Jesse A. Myerson described five economic reforms millenials should be fighting for in Rolling Stone.
Conservatives were generally aghast at the suggestions. Dylan Matthews at Wonkblog wrote a response, "Five conservative reforms millenials should be fighting for".
Liberals disapproved. Both articles argued for I. Employer of Last Resort II. Basic Income III. Land Value Tax IV. Sovereign Wealth Fund V. Public Bank. Ezra Klein discusses the trolling.
How the rise of Fox News helped Republican candidates
Is Fox News primarily reinforcing Republicans or persuading Democrats? [more inside]
"Pro-Choice" Americans at Record-Low 41% - Americans now tilt "pro-life" by nine-point margin, 50% to 41%.
According to recent Gallup polling, 'the 41% of Americans who now identify themselves as "pro-choice" is down from 47% last July and is one percentage point below the previous record low in Gallup trends, recorded in May 2009. Fifty percent now call themselves "pro-life," one point shy of the record high, also from May 2009.' The decline in "Pro-Choice" views is seen across partisan groups, with Americans' self-identification as "pro-choice" drop across the three U.S. political groups. [more inside]
Peter Orszag (previously of Obama's OMB) argues that circumventing democracy is the best way to save it
, but Catherine Rampell isn't sold
, and Uwe Reinhardt points out that technocrats base "science" on moral values
Senate leaders are seriously considering
modifying the traditional, divided
seating arrangements for President Obama's upcoming State of the Union address
. [more inside]
David Mamet: Why I am no longer a 'Brain Dead Liberal'.
"The right is mooing about faith, the left is mooing about change, and many are incensed about the fools on the other side—but, at the end of the day, they are the same folks we meet at the water cooler. Happy election season."
The End of News?
From the New York Review of Books. Michael Massing
, a contributing editor of the Columbia Journalism Review, discusses the decline of the mainstream media and the ideal of objectivity: Accuracy in Media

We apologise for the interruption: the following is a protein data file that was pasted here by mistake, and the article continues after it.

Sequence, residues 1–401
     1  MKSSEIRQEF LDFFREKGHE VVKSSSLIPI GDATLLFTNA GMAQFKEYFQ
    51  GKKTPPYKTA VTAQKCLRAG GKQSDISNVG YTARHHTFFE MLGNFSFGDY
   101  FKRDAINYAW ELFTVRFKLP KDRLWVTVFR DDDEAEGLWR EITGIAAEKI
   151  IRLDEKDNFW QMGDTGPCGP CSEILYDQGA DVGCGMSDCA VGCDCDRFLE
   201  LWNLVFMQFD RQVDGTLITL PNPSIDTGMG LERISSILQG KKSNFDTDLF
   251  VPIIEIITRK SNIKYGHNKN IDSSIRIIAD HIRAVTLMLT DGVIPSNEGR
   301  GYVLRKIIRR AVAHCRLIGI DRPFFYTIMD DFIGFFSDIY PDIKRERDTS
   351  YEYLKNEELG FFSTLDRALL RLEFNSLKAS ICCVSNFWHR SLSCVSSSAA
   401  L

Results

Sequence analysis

(1969), the Center for Media and Public Affairs
(1985), the abolition of the Fairness Doctrine
(1987), Rush Limbaugh
(1988), Fox News
, cost-cutting at newspapers
. Of course, the newspaper business has always been a difficult one, as Walter Lippmann noted in his book Public Opinion
(1921): [more inside]
Red State/Blue state France
. Les résultats département par département
. Remarkable that the U.S. isn't the only country that's split down the geographic middle. No translation, but the picture speaks for itself.
What's So Absurd About Partisanship?
The Lying in Ponds*
website is a clever attempt to measure partisanship in the daily columns of the New York Times, The Wall Street Journal and the Washington Post. Although - or perhaps because - its methodology is simple and straightforward, its conclusions, though necessarily unsurprising, are quite interesting, often amusing and seem fairer than er, more partisan
"media watch" thingies [Don't miss their 2002 Top Ten.
]. But why
is being openly partisan seen as such a terrible thing in America? Why is so much time and effort expended to hide it or deny it? Or, put another way, why is bipartisanship such a desirable thing, often presented as being somehow above
politics? Is it American exceptionalism again?*[Echoing what Dennis said in Monty Python And The Holy Grail: "Listen!Strange women lying in ponds distributing swords is no basis for a system of government!"
Another threat to the separation of church and state?
"[S]ome members of Congress want to turn churches into political action committees. A bill in Congress would amend the tax code to allow churches, synagogues, mosques and other houses of worship to get involved in partisan political campaigns."
Harris' Partisan Fixers
How Bush got the help needed to "win" in Florida. No. Not the NY Times piece on absentee votes but how Harris rigged things.